Change often starts with the smallest of whispers. Like-minded people building it up to a roar.
My sister recommended me this book because she thought I would like it.
She wasn’t wrong.
Don’t You Wish You Were Here?
Linus Baker is a by-the-books caseworker for the Department in Charge of Magical Youth (DICOMY) whose life is taken up by work but enjoys music and fantasizing of the beach while taking care of his cat, Calliope. He’s good at his job which is why he’s assigned to look after a house full of extremely powerful children and make sure their caretaker, Arthur, is following the rules.
But he has no idea what’s waiting for him and must open his mind and realize not everything is as it seems.
“You’re too precious to put into words. I think … it’s like one of Theodore’s buttons. If you asked him why he cared about them so, he would tell you it’s because they exist at all.”
Home Isn’t Always A House
I’m a huge fan of the writing in this book. It’s descriptive but not too much that makes you glaze over long paragraphs. It’s also funny. I’m not sure the last time I laughed that much over a book.
Linus has this charm to him but still needs to see the world from a different way. He cares about the children but doesn’t think about what happens to them after he’s done his job.
Arthur has this whimsy to him. He’s open to everything and just wants best for the children but with them being so different, and rare, from other magical beings, doesn’t want to let them go.
Both are fascinated by one another and their relationship is a slow burn which I liked to read. It wasn’t forced or felt off.
It doesn’t take long to connect to the kids either. When you have the
Antichrist (Lucy, they don’t use the “a” word) living in the house, it’s bound to be interesting, but based on so many intirations of Lucifer, you should expect Lucy isn’t an abomination. He loves music. And that’s the point of this book, to make you look at things differently and just not assume.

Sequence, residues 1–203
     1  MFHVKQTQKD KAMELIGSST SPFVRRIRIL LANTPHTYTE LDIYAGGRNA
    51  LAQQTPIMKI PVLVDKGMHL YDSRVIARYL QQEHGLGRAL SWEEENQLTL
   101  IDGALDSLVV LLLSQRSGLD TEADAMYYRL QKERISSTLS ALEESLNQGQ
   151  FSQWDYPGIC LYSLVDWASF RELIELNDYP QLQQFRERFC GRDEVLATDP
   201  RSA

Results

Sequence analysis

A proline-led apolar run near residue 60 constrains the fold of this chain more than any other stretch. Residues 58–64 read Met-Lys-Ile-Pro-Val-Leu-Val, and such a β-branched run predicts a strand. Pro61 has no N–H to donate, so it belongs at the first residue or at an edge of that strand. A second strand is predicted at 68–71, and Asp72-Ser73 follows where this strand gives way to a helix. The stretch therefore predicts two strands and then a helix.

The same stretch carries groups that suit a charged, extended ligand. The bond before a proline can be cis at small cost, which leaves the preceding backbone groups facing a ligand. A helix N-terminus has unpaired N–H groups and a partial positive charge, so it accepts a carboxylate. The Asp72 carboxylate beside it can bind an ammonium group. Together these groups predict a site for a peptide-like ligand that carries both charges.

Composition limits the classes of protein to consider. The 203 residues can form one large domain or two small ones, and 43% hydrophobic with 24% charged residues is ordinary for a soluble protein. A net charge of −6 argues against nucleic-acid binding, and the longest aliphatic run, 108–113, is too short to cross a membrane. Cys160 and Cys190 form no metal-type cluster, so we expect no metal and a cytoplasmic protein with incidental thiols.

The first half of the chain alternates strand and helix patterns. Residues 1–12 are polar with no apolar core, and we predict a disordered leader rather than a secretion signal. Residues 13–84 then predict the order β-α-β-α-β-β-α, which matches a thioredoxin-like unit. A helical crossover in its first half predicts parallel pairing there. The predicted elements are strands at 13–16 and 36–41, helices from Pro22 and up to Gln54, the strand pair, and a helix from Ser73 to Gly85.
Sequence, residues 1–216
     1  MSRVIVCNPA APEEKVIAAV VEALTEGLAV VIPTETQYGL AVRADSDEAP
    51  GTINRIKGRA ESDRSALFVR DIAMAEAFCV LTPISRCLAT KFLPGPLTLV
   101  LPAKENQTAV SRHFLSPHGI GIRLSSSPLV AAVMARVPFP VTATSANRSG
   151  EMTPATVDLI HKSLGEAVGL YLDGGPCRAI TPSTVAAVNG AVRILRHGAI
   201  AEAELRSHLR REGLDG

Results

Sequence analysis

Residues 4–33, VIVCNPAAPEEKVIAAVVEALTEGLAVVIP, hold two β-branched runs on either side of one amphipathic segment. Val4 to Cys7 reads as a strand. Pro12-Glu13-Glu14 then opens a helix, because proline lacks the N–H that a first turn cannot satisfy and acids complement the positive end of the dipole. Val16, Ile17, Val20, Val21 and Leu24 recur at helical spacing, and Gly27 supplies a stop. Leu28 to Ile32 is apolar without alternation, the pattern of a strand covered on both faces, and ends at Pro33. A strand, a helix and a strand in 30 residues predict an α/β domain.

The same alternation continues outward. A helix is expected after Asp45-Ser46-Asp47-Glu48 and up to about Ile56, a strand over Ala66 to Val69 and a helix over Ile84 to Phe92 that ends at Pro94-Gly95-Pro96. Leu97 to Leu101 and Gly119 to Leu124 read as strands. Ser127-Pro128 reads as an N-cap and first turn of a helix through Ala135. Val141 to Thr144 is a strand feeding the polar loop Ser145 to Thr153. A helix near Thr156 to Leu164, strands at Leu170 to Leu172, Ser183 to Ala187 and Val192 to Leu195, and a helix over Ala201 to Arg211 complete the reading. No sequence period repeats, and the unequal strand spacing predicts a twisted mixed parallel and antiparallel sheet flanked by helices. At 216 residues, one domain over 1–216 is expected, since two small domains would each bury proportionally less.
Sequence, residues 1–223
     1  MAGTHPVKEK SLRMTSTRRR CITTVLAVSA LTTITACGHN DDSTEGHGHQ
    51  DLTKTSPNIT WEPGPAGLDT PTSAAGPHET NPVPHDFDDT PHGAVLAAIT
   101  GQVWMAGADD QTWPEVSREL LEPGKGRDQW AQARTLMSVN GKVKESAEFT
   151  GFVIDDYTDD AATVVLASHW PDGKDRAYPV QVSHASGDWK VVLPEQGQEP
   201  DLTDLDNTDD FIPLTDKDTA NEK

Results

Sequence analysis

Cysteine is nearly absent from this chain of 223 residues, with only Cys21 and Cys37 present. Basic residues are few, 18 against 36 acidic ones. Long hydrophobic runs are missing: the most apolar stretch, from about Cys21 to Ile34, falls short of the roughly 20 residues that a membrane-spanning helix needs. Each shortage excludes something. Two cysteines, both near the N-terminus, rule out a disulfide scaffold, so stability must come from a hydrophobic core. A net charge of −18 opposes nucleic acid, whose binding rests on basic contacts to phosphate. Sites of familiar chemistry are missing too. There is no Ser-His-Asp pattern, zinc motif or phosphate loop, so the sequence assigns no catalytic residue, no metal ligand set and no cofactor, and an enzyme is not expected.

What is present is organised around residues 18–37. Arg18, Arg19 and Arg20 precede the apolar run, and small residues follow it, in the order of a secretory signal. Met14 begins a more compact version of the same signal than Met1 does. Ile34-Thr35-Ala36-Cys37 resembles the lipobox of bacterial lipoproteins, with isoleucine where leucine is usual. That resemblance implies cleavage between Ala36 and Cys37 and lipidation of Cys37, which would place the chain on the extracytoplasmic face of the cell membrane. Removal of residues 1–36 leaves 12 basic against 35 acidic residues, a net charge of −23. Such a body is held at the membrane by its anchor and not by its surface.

“People suck, but sometimes, they should just drown in their own suckage without our help.”
As a writer, this is the kind of book that is a huge inspiration to me, especially when it comes to the genre and mix of comedy and seriousness. It makes you laugh, cry, and feel a warm cuteness just from the fact that Chauncey, a little blob with tentacles, wants to be a bellhop.
He just wants to be a bellhop *cries.*
Or Theodore, a wyvern who loves collecting things, especially buttons.
Once the story starts and Linus gets to the island, you can tell where it’s going to go and how it will end, but it’s how he gets there that’s the important part. To see his mind change and look at the kids differently, especially Lucy, who he fainted over when realizing the
Antichrist lived at the house.
I would love to read another book about these characters. It wouldn’t even have to have an actual plot, just their day-to-day lives, doing whatever. The closer I got to the end, the more I didn’t want it to end but I also wanted to keep reading. It sucked.
The House in the Cerulean Sea is a huge recommendation.
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